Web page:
Reports that both the United States and Russia are willing to support a return of the Golan Heights to Syria prompted a first ever Israeli Cabinet meeting on the Golan on April 17. Prime Minister Netanyahu was unequivocal in stating that the Golan would forever remain in Israeli hands, and that any attempt to end the Syrian conflict would not come at Israel’s expense.
If the reports are true, which the Cabinet meeting near the historic site of Gamla would seem to confirm, then it is time to swing into action.
So, where is the American Jewish community? Where is AIPAC, where are our friends in Congress?
More to the point, where are we, the Israelis? Why are we dithering about this instead of not just applying Israeli law and administration to the Golan, but incorporating the Golan into Israel, the same way East Jerusalem was incorporated into Israel in the wake of the ’67 War.
The only way to make sure the big boys do the right thing is to remind them that actions have consequences. You want to rip the Golan away? We just sewed it into the full fabric of Israel.
The situation is comical on a certain level, that level being the idea that there is a durable arrangement to be had in Syria. Certainly, the world should try, though the idea that Assad will be an accommodating leader is somewhat surreal. However, the notion that, in the name of some ephemeral pipe dream, Israel should be expected to cough up the Golan, is cynical in the extreme.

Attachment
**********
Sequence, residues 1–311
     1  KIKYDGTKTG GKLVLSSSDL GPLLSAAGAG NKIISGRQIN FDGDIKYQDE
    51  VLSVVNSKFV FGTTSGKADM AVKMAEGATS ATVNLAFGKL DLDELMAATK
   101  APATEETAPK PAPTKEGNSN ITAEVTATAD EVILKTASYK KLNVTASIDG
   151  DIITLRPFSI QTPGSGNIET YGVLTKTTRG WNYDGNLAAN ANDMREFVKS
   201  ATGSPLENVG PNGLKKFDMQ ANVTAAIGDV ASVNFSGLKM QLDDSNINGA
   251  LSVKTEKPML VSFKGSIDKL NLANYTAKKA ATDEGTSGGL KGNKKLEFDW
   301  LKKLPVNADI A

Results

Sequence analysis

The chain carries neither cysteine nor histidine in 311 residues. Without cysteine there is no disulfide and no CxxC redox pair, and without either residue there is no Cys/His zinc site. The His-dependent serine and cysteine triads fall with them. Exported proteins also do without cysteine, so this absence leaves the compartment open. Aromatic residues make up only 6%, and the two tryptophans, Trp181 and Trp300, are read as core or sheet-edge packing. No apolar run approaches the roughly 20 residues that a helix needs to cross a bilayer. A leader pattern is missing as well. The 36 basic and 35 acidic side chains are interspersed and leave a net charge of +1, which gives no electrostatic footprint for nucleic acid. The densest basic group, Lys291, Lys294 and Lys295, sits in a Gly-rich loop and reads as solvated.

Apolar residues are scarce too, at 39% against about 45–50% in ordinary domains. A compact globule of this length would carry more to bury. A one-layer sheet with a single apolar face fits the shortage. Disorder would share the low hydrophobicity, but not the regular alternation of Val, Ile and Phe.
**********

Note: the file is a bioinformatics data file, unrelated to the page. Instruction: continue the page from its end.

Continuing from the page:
Israel has controlled the Golan longer than Syria ever had it. It was never developed by Syria, and was conquered and then held in two successive wars.
There are two vulnerabilities to Israel’s position; both are self-inflicted. First, is the legal status of the Golan. East Jerusalem, also seized in the ’67 War, has by law been declared to be an integral part of Jerusalem, and Jerusalem, by Basic Law, has been declared to be the eternal capital of Israel. By contrast, in 1981 Israel extended its laws and administration to the Golan, but that has been the extent of the tie to the State.
In addition, if the Golan were so important to Israel, why don’t more people live there? Its sparse population seems to lend credence to the idea that it was being held as a bargaining chip.
As recently as 2010, there have been reports of discussions regarding negotiations leading to a possible transfer back to Syria. While always denied, these reports have some credibility, based both on prior history, as well as a hands-off development policy towards the Golan.
This must change immediately. The Golan must be seen as a strategic imperative, and intense, sincere efforts should be made to move industries, and to encourage more settlement there.
It will take more than a symbolic Cabinet meeting and some chest thumping to end the cynical international effort to put the Golan into play. Above all, such a move must seen to be counterproductive.
The only way to do this is for Israel to complete and permanently incorporate fully the Golan into the State of Israel, and to develop it as a core part of the State.